SACRAMENTO, Calif. (AP) — In a year when Democrats across the country braced for a medium-term election backlash, voters in California gave the party decisive victories during Tuesday’s primary, led by Gov. Gavin Newsom, the A wiped out a field of 25 other candidates less than a year after voters tried to remove him from office.
Newsom received about 59% of the vote and has more than $23 million in the bench for a November general election against Brian Dahle, a largely anonymous senator from the sparsely populated northeast corner of the state.
Dahle, best known for his efforts to have a massive new reservoir built in Northern California, had about 15% of the vote and finished second. In the California primary system, the top two voters advance to the general election.
Dahle now has five months and just $400,000 in campaign funds to introduce himself to voters in some of the country’s most expensive media markets.
His first task will be to raise the money needed to compete with Newsom nationally. It will not be easy. Many Republican donors will refuse to back a Longshot candidate when they could instead invest in a handful of congressional elections in the state that could determine control of the U.S. House of Representatives.
Jessica Levinson, political commentator and professor of electoral law at Loyola Marymount University, was blunt about Dahle’s chances: “The proverbial snowball has a better chance in Hell,” she said.
“There’s basically nothing that can be done to change the momentum of this race,” Levinson said.
Dahle sees it differently, telling The Associated Press, “I think I can win this race.”
One of its main concerns will be state-leading gas prices in California, which hit a record $6.37 a gallon on Tuesday. Dahle has called on Newsom and Democrat lawmakers to temporarily suspend the state gas tax, which is the second-highest in the country at 51.1 cents a gallon. Newsom has rejected the idea.
“He’s an elite Democrat who doesn’t live in the same world as everyone else,” Dahle said of Newsom. “He just doesn’t focus on the pain that I hear from my constituents every day.”
Newsom has proposed using part of the nearly $100 billion budget surplus to send checks of up to $800 to people who own cars and another $750 million to help people for three months enable free travel on public transport.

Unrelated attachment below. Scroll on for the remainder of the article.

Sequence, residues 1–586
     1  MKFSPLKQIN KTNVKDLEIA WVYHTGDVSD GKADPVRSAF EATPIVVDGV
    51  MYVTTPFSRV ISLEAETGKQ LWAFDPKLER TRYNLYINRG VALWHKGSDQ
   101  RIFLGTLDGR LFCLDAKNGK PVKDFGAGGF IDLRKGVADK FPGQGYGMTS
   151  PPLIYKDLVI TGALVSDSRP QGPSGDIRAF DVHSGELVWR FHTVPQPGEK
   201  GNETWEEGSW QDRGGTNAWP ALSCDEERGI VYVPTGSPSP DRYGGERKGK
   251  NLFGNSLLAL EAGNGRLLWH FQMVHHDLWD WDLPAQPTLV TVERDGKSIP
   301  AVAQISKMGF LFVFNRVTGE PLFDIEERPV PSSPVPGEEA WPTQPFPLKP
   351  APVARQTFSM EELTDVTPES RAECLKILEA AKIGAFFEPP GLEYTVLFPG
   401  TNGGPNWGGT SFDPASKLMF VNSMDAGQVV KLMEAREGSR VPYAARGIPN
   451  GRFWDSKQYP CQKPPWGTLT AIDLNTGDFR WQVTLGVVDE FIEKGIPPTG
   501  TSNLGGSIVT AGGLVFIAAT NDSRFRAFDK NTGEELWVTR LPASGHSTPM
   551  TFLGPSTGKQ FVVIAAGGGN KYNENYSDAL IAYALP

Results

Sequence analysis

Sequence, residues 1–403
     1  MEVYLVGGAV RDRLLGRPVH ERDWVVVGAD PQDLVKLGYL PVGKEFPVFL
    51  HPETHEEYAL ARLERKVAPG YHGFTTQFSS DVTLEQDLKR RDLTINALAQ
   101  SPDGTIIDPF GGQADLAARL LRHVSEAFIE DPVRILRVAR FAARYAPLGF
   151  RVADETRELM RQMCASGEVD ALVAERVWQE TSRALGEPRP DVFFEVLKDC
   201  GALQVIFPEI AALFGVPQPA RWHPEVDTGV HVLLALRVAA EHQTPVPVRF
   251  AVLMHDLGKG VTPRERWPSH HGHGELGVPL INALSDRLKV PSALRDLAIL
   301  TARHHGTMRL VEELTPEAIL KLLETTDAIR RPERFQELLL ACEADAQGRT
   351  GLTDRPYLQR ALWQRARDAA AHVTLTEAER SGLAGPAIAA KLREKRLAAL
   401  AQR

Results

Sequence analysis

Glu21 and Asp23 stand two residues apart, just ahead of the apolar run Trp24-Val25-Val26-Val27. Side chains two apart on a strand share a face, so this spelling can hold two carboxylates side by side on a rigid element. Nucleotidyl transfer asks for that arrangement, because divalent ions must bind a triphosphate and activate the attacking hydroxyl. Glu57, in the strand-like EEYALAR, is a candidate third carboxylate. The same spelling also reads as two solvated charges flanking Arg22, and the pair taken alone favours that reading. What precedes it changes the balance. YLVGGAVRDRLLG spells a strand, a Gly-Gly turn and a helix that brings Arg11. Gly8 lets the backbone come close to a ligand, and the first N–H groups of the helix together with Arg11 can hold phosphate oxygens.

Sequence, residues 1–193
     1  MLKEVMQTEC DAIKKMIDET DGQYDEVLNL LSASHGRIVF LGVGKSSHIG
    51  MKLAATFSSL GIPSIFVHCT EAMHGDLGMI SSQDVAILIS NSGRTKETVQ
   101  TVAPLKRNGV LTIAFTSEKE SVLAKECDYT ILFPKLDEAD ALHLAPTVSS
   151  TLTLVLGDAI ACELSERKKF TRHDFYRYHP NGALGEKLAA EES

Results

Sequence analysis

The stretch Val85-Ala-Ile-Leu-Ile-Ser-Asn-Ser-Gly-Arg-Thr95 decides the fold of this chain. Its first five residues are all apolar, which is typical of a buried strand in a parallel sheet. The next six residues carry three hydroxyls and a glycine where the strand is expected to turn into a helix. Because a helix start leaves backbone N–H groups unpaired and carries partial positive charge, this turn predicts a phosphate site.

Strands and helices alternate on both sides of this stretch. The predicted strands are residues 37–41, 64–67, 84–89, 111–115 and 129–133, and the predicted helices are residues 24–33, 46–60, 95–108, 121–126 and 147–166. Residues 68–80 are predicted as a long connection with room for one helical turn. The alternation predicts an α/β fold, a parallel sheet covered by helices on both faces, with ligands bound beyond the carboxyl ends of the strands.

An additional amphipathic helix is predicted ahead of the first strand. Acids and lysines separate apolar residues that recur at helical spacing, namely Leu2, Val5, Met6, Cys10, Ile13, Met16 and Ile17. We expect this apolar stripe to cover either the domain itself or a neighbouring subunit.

Newsom will run on a progressive agenda that includes tougher gun laws and improved abortion services.
Since the US Supreme Court is likely to have Roe v. Wade, Newsom has vowed to make California a safe haven for women seeking abortions from other states where the procedure could be banned or severely restricted. He has also pushed for a new law that would allow people to sue gun manufacturers and sellers to enforce a ban on some assault weapons – much like Texas is doing to enforce its ban on most abortions.
“Across the country, Republicans are attacking our fundamental rights as Americans. Destroy democracy, disenfranchise a woman and stand by as gun violence claims too many lives,” Newsom said in a statement released after his first victory. “California is the antidote to their cynicism – leading with compassion, common sense and science.”
Outnumbering Republicans 2 to 1 in California, Democrats hold every statewide office and have large majorities in the Legislature and Congressional delegation. California has not had a Republican US Senator since 1992 — a trend likely to continue as Democratic incumbent Alex Padilla finished well ahead of his main Republican challengers.
Padilla was appointed to the Senate by Newsom last year after Kamala Harris resigned to become vice president. Padilla has been in the primary twice — once to wrap up the final months of Harris’ tenure and another time in a race for a full six-year term beginning in January.
Padilla had about 55% of the vote in each race, beating runner-up Republican attorney Mark Meuser, an attorney whose work with the right-wing Dhillon Law Group included 22 lawsuits against Newsom alleging he exercised his powers at the Enforcement exceeded Corona restrictions.
Dahle traces many of the state’s problems to decades of Democrat dominance in state government. Dahle has served in the Legislature for a decade and also runs a family farm in Bieber, a community of 145 people about an hour’s drive from Lassen Volcanic National Park.
A signature problem for him in the legislature was an attempt to build a new reservoir in Colusa County — a project he said would help the state survive droughts but has drawn the ire of environmental groups who say the project would draw too much water from the state’s rivers and streams.
“We’re going to focus on (Newsom’s) record,” Dahle said. “We have the highest gas prices, we have the highest electricity prices, we have water infrastructure that hasn’t been built — just tell me one thing that works in California.”
Just a year ago, it looked like Newsom might be on the way out when more than 1.7 million voters signed a petition to remove him from office. Dozens lined up to challenge him in the 2021 recall election to topple the Democratic governor of the nation’s most populous state ahead of the 2022 midterm elections.
Instead, Newsom defeated the recall so decisively that none of last year’s main contenders moved to challenge him for re-election this year.
“I think this allows Newsom to run a national campaign in California knowing he’s going to win,” Levinson said. “While he claims it never crossed his mind to run for the presidency, he can basically run a national campaign talking about the big issues and try it on for size.”
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